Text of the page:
A Colorado man, sentenced to 98 years in prison, then mistakenly released from prison 90 years early only to be thrown back in jail after the state realized their mistake, was finally set free by a Denver judge.
On Tuesday, Rene Lima-Marin, 38, was ordered to be released from prison after Arapahoe County Chief District Judge Carlos Samour ruled that his re-incarceration was “utterly unjust.”
“Requiring Lima-Marin to serve the rest of his prison sentence all these years later would be draconian, would deprive him of substantive due process, and would perpetrate a manifest injustice,” Samour wrote, according to the decision obtained by the Denver Post. “Because the Court finds that Lima-Marin is being unlawfully detained, he is ordered released. No other remedy will result in justice in this case.”
In 1998, Lima-Marin and his friend, Michael Clifton, robbed two video stores at gunpoint. Two years later, they were convicted on multiple counts of robbery, kidnapping and burglary. Due to a clerical error, the eight different sentences were listed as consecutive instead of concurrent, giving them each a total sentence of 98 years in prison.
The error was changed for Clifton when he appealed, but Lima-Marin’s public defender advised him not to appeal, and his sentence remained the same.
Lima-Marin was 19 years old at the time he committed the crimes. His parole eligibility date was scheduled for 2053.
“People have raped, molested kids, taken lives, and have 15, 20, 25 years. And I made a mistake and tried to steal some money and I am given my entire life in prison,” Lima-Marin said, according to KDVR.
After serving eight years of his sentence, Lima-Marin was paroled in 2008. He got married, fathered two children and got a steady job after a series of low-wage jobs that would accept a felon. Then, after nearly six years, the authorities discovered the mistake and police returned him to prison to serve the rest of his sentence in 2014.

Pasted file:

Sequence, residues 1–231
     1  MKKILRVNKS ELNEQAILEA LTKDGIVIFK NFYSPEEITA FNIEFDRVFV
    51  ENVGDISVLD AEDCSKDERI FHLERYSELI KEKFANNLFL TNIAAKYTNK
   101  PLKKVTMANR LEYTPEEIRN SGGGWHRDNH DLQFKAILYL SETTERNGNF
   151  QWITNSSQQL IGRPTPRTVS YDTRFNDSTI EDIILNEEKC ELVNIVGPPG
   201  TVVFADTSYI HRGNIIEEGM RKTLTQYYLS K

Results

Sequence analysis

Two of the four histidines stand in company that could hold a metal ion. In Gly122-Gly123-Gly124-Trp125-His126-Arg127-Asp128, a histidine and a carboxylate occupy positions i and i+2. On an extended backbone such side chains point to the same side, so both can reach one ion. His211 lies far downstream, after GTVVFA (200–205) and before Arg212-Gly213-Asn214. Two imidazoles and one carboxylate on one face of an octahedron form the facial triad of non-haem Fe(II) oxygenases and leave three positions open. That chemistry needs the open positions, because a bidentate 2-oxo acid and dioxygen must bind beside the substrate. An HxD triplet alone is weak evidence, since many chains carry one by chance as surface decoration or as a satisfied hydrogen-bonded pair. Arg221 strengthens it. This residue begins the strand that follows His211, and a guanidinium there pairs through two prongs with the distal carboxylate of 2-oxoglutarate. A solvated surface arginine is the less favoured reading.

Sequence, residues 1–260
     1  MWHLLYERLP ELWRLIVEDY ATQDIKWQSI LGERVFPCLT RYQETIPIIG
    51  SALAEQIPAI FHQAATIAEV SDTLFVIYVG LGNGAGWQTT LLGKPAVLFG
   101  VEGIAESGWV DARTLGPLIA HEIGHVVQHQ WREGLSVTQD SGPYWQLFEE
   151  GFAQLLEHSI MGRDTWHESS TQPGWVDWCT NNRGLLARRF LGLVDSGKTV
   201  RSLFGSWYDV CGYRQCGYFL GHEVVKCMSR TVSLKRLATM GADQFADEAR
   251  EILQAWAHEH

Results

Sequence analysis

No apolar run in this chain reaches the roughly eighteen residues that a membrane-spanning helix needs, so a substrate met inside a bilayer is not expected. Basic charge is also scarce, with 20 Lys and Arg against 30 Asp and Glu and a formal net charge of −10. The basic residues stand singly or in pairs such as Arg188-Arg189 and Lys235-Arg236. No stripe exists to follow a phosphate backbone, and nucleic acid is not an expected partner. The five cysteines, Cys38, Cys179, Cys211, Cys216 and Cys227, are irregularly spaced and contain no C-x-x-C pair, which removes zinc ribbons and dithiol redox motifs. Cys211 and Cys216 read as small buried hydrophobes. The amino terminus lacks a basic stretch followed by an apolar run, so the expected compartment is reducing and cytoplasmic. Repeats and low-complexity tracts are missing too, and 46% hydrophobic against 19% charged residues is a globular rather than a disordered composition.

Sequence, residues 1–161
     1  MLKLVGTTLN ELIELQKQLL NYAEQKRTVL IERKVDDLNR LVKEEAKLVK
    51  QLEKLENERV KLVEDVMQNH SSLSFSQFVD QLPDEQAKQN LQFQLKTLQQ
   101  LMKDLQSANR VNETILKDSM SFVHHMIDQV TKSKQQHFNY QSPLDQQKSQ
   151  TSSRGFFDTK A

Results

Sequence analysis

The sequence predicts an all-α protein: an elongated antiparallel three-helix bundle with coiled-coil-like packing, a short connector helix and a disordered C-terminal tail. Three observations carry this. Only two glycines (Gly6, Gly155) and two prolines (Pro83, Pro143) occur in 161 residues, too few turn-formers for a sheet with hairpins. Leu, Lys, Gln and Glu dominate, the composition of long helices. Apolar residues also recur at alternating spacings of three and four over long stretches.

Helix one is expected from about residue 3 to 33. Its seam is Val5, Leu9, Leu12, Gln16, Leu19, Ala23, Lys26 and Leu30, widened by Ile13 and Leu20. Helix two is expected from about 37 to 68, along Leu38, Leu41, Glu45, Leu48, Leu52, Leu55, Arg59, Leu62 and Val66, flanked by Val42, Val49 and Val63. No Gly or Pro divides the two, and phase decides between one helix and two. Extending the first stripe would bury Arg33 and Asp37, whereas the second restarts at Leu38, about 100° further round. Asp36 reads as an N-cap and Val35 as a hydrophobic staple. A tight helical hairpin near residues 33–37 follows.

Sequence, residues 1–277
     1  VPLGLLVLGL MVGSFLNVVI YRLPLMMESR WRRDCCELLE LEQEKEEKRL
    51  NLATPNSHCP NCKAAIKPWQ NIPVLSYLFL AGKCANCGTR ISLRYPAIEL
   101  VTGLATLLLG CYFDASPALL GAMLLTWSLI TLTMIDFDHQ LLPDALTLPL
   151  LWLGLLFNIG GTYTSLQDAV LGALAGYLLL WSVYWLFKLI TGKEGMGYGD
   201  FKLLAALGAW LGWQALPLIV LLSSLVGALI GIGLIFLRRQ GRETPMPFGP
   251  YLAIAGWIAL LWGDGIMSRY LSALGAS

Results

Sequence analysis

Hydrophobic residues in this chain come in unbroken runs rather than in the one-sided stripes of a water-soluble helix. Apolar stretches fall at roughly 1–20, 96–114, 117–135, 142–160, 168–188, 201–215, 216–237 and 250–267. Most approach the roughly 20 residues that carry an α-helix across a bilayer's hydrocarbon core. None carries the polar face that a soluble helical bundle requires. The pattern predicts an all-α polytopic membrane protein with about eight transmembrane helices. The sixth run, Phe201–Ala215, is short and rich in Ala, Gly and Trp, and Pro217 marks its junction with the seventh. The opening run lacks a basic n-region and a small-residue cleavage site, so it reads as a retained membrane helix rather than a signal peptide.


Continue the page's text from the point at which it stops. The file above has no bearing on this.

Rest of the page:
“I’ve been taken away from my children and my wife. I don’t even know how to explain that that’s the thing that’s consistently on my mind every single day,” Lima-Marin said at a hearing last year, according to the Denver Post. “I’m supposed to be the head of my household, I’m the person … I’m the person that’s supposed to guide and lead them of everything that’s of God, and I’ve been taken away from them.”
On May 4, Colorado lawmakers unanimously passed a resolution urging Governor John Hickenlooper to grant Lima-Marin clemency. The resolutions describes Lima-Marin as a “model citizen” during his parole, saying that he “maintained a spotless record, fulfilling all the terms of the parole without incident and overcoming the many obstacles the formerly incarcerated face when reentering society.”
When he was told that he had to return to prison, the resolution states that Lima-Marin “surrendered to authorities of his own volition rather than evade capture, a strong testament to his honesty and moral conviction.”
With his decision on Tuesday, Samour ruled that Lima-Marin should be set free, saying that “although most of Lima-Marin’s sentence remains unserved, he has sufficiently paid his debt to society.”
“At the end of the day, the Court concludes that it would be utterly unjust to compel Lima-Marin, at this juncture, to serve the rest of his extremely long sentence,” Samour wrote in his court order. “The government – not Lima-Marin, his family, the community, and society – should bear the brunt of the consequences of its conscience-shocking deliberate indifference.”